Jamie T’s second album in two years is a punk, rap, pop and hardcore tour de force
Dirtbombs/The Cyril Lords : Detroit Magic Stick
an affordably screamy garage-rock trip...
It's up to garage-soul heroes The Dirtbombs, then, to finally settle any doubts about whether or not this is the place to be on New Year's Eve, with frontman and ex-Gories-leader Mick Collins - sporting his now-legendary wraparound shades - providing the cues. Playing with authority via their double-bassist and double-drummer line-up, the band cut fifteen-plus songs in just over an hour, mostly from their newest release 'Dangerous Magical Noise'. Though there are a few on-stage flourishes, including a behind-the-back guitar rave-up by Collins and Meg White's flatmate Ko Zydeco holding out her bass so we can better see her glam pink mod dress, most of the show’s thrills came from the stamping-plant power of The Dirtbombs' delivery. Songs like 'I Can’t Stop Thinking About It', and ironic tour favorite 'I’m Through With White Girls', are the true shake-up numbers, pushing the by-now intoxicated crowd into a frenzy. In true NYE karaoke style, they even chuck in a couple of covers, including Curtis Mayfield's 'Kung Fu', deep Northern Soul standard 'Chains Of Love' and even the Eurythmics' '80s classic 'Missionary Man'.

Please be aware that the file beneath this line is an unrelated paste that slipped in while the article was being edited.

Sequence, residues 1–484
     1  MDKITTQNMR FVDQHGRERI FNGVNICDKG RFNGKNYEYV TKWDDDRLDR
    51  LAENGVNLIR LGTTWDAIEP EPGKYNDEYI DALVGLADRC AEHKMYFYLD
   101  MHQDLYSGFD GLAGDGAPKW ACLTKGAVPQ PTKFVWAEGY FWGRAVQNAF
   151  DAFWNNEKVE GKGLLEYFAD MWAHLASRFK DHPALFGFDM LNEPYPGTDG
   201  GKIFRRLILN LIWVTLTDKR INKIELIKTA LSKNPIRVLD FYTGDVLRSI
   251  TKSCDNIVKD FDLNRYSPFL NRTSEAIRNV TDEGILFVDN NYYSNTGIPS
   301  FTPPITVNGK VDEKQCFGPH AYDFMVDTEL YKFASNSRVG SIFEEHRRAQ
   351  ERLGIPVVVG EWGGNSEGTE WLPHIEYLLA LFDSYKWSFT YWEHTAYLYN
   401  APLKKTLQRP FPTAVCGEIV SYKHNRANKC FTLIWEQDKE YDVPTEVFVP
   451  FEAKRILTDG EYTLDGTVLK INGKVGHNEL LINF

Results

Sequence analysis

As the crowd begins to thin after three hours of New Year's Eve booze and full-on volume, the stragglers upfront inspire the band to new levels. During the final song co-drummer Ben Blackwell executes a headstand on his bass drum and tackles guitarist Pat Pantano, leaving the stage trashed and the crowd happy. Though Ma Blackwell is concerned about her son's bleeding, all The Dirtbombs care about is whether or not they delivered. They did, naturally.
Character studies and ready melodies abound in the latest record by the Oxford quartet
A battle-like record where fear and dread rule
Another gripping Pedro Almodóvar mystery, full of vibrant visuals and emotional revelations
The Californian succeeds, once again, in exposing the ugliness of mankind. It’ll get under your skin